Let’s face it: Most people exercise with the hope it will help them lose weight, prevent weight gain or otherwise control the size and shape of their body. Sure, being healthy and feeling fit may also be goals, but the main motivator is often weight.
I once had a client tell me she took an intense fitness boot camp class for six weeks and didn’t lose any weight, so she didn’t see any point in exercising. Another client told me that once she learned that science says exercise does little for weight loss (which is true), she decided there was no reason to try to fit walking into her busy schedule.
That’s unfortunate, because there are so many reasons to move our bodies that have nothing to do with weight loss. For example, a study published last month concluded that physical activity promotes health more effectively than weight loss — with the added benefit of reducing the health risks associated with yo-yo dieting.
The persistent coupling of exercise to the idea of weight loss has also created a narrow view of what exercising bodies look like. If you’re not in a thin body, but you only see thin bodies in fitness books and magazines, in ads for gyms and yoga studios, and embodied in personal trainers and class instructors, what does this suggest? It suggests that exercise will make you thin, too — which can kill motivation when it doesn’t — or that your body has no business being in the gym or yoga studio.
One woman working to offer a more inclusive view of fitness is certified personal trainer Morit Summers, co-owner of Form Fitness, a gym in Brooklyn, New York, and author of the new book, “Big & Bold: Strength Training for the Plus-Size Woman.” The book is both serious and supportive, with clear, detailed instructions on how to perform movements safely and effectively, plus advice for how to lift in a way that fits your life and helps you reach your strength goals. While the book provides beginner-through-advanced starter workouts, Summers encourages listening to your body and modifying movements as needed. For such a meticulous and thoughtful book, its origins were … unplanned.
“I was asked if I wanted to write the book by the publishing company [Human Kinetics]. I was like, ‘Whoa, what?’ Because that was never something on my bucket list,” Summers said. “I realized that’s not an opportunity you turn down. My goal has always been to reach as many people as possible, to teach them how to love fitness. There’s only so many one-on-one sessions you can do. I was really excited to get my thoughts and main points into words.”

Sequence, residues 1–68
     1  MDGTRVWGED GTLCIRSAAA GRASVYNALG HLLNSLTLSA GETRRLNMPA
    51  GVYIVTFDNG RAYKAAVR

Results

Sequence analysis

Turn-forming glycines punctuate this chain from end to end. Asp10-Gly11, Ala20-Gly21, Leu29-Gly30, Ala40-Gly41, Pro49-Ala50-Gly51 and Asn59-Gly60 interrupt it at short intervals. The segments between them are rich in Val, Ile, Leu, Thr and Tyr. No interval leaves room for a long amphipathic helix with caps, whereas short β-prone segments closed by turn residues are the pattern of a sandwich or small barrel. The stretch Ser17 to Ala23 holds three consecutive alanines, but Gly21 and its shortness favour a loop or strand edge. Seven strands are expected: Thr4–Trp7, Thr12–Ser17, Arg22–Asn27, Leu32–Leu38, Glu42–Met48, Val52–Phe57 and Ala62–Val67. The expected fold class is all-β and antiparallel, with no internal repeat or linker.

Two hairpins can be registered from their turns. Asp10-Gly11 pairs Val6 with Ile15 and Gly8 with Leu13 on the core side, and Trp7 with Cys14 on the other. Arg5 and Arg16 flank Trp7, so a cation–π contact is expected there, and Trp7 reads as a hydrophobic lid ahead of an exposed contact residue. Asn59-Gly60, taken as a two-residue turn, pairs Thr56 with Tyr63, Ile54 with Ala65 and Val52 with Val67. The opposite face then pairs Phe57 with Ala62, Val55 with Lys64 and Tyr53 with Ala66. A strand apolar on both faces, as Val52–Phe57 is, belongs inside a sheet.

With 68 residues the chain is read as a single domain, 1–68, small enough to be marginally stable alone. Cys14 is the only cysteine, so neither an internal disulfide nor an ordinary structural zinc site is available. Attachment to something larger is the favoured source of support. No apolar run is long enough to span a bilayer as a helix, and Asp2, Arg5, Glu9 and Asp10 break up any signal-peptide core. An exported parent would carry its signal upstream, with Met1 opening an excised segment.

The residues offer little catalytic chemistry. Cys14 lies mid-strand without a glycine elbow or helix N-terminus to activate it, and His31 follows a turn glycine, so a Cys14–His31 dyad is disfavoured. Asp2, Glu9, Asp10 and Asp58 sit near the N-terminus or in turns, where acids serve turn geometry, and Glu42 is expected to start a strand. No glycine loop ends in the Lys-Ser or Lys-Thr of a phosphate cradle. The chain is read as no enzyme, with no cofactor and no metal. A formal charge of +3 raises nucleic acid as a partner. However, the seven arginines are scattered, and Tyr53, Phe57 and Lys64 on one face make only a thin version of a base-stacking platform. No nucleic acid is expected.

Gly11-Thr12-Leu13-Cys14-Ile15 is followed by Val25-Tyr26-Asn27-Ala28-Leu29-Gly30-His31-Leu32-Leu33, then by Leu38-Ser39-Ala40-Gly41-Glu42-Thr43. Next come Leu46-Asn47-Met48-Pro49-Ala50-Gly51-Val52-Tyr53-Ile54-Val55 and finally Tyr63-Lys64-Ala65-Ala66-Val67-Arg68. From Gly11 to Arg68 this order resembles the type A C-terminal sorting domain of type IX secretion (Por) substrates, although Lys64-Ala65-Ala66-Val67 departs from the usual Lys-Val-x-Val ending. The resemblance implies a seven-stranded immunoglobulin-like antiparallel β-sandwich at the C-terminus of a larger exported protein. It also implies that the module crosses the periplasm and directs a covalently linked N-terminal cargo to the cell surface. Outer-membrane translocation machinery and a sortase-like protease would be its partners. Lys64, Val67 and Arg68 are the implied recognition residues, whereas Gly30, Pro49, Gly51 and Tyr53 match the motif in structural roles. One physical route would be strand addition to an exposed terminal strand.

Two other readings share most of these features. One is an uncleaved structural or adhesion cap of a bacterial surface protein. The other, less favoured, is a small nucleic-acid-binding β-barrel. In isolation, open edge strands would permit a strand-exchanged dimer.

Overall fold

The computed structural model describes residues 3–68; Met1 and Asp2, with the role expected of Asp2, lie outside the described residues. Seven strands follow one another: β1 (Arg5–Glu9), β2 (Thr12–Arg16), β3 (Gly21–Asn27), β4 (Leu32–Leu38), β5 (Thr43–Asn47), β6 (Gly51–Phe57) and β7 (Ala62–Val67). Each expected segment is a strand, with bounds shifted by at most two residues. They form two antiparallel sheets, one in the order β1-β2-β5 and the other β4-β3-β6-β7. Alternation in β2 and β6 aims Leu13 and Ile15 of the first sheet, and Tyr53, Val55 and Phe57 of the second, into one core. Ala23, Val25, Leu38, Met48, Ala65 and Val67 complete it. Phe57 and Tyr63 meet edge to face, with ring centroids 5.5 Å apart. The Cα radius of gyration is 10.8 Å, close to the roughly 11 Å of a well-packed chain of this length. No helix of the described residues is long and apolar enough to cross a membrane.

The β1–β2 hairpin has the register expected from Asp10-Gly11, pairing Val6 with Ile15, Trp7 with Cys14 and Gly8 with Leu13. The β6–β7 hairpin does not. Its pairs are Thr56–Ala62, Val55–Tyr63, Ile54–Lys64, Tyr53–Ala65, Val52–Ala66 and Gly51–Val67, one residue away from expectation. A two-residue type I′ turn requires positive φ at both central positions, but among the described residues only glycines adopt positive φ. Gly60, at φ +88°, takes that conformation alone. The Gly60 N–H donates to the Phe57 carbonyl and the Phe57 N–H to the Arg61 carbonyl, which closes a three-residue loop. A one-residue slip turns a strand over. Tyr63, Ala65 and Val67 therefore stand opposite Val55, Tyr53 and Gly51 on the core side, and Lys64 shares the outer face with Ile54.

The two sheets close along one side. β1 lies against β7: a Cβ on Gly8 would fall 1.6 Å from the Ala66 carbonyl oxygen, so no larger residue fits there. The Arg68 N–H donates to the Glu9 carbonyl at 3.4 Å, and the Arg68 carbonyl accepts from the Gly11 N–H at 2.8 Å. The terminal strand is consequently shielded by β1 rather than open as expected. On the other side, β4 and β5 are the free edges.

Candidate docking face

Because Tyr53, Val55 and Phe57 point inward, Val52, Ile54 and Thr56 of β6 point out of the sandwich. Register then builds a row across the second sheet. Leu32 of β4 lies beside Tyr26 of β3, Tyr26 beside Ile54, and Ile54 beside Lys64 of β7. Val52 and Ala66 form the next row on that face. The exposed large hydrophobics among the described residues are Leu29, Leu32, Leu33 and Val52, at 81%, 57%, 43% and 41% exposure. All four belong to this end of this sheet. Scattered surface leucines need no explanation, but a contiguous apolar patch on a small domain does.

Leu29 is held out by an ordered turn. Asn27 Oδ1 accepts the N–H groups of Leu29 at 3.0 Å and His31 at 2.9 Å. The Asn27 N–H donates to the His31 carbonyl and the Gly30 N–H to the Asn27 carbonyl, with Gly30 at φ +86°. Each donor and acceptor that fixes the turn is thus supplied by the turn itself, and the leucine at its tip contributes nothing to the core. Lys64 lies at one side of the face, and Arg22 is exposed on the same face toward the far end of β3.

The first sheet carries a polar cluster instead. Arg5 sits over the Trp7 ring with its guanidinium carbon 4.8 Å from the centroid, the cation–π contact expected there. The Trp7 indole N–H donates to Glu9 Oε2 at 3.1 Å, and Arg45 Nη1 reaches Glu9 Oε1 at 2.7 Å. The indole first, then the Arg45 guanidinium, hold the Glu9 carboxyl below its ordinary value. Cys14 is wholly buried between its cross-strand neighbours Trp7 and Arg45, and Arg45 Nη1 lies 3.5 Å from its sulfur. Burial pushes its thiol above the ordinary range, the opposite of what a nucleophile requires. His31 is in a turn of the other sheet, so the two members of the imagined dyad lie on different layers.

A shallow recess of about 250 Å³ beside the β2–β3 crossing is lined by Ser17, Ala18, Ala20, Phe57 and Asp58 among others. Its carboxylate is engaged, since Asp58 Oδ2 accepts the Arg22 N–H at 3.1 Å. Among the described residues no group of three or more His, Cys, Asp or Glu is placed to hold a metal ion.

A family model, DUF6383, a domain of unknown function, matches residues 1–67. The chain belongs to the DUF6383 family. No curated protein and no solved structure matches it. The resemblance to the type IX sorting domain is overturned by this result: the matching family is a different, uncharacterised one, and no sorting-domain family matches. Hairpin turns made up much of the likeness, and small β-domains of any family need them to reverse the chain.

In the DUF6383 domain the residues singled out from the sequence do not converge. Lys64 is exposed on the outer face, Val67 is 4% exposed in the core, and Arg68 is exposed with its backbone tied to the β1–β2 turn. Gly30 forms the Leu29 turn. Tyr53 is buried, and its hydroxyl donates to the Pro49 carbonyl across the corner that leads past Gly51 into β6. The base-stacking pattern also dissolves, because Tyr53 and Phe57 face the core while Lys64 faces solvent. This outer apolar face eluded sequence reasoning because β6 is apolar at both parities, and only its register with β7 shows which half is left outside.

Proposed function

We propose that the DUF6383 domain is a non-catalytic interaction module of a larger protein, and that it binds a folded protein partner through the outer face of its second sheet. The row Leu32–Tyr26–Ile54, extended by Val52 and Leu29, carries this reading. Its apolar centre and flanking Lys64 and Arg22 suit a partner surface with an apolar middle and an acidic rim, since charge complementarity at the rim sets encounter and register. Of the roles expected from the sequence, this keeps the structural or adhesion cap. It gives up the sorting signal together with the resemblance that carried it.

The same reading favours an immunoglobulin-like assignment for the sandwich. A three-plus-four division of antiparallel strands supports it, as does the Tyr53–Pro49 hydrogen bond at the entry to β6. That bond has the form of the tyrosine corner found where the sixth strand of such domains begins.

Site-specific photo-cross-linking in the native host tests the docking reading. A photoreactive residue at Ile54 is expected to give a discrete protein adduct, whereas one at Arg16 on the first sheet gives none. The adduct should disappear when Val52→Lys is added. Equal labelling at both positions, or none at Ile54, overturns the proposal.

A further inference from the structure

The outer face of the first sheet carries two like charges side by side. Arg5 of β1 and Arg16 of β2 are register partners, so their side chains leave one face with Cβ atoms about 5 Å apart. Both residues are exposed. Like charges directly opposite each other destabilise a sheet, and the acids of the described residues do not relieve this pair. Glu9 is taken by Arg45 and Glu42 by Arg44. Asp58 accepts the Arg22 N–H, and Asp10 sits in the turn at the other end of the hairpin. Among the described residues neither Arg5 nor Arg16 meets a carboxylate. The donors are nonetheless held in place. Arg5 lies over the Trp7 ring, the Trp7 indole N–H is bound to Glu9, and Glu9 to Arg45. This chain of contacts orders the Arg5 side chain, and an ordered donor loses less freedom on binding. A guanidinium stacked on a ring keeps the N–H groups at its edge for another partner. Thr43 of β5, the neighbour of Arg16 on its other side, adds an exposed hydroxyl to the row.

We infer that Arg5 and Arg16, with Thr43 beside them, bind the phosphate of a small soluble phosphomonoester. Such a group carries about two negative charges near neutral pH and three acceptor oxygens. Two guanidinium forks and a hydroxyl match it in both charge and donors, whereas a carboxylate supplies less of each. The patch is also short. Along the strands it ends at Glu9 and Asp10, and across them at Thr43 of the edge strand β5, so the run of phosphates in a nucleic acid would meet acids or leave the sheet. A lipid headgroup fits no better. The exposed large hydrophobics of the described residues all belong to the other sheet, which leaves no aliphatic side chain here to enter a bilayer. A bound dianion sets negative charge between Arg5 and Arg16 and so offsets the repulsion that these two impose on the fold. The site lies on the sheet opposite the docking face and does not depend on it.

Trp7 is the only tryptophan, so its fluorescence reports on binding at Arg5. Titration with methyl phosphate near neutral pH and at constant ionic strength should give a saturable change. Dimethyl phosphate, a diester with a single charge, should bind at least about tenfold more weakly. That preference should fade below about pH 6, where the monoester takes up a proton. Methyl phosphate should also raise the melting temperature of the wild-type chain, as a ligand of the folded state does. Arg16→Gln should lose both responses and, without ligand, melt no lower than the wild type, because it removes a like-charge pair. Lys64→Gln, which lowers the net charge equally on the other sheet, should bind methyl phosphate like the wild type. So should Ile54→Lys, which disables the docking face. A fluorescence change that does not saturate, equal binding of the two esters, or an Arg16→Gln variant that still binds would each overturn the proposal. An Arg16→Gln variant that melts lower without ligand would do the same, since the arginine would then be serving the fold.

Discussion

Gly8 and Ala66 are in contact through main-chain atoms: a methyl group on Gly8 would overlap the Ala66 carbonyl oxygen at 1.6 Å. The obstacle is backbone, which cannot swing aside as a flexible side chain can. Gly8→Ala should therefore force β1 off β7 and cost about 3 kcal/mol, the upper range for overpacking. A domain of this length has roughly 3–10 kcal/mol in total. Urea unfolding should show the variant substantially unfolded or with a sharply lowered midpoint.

Because Summers shared on Instagram (@MoritSummers) that she wasn’t thrilled with the book’s original proposed title, I asked her what the final title means to her. “Within any category, people associate themselves as one way or another. I prefer to be considered plus-size versus fat or big. Some people take ownership over the word ‘big’ or over the word ‘fat,’ and I think that’s great, but those words are more likely to be offensive. I think plus-size is more straightforward,” she said. “We landed on ‘Big & Bold’ because that could mean so many things. It doesn’t have to mean your body. It can be your mental state. I don’t want people to feel like they can’t get this book or gift this book because it says ‘plus-size.’”
Summers herself demonstrates many of the exercises in the book, and she’s joined by two plus-size models of color. The range of body types — and skin colors — represented in fitness media is narrow, as it is in media generally, but Summers has been recently featured in Shape and Health magazines, as well as health and fitness campaigns. I asked her how much she thinks representation of different bodies is improving — and why that representation is important.
“I do actually think that everything is changing. It’s not going to happen overnight, but it is slowly trending in a much better direction,” she said. “Fatphobia is a very real thing that’s going to take a long time to change. but in terms of seeing more representation, that is going to change sooner. That’s one reason why I was excited to write the book, and to choose models I know who are big and beautiful and strong. I can’t imagine what it is to be a woman of color and want to be in the fitness space and not see themselves represented.”
Circling back to the unfortunate coupling of exercise and weight loss, I was curious if Summers finds that her clients are seeking weight loss, even if they also have goals to become stronger or healthier.
“I do, but with the caveat that once you are able to have a very open conversation, a lot of people think they just want to lose weight, because that’s what society is telling you to do everywhere you go. Everywhere.” She said most of her clients end up lifting heavier weights and simply feeling better.
But the desire to become smaller through exercise is something that Summers understands personally and is open about in her book. “I used to think that every time I went to the gym I was going to lose weight. Most of my life, my journey was, ‘I want to fit in, I want to lose weight, I want to look like everyone else.’ About five or six years ago I started powerlifting, and at first it was about losing weight. Then I realized how powerful I was, and my focus changed to how my body moves and functions. My journey has changed immensely, and so has how I work with my clients.”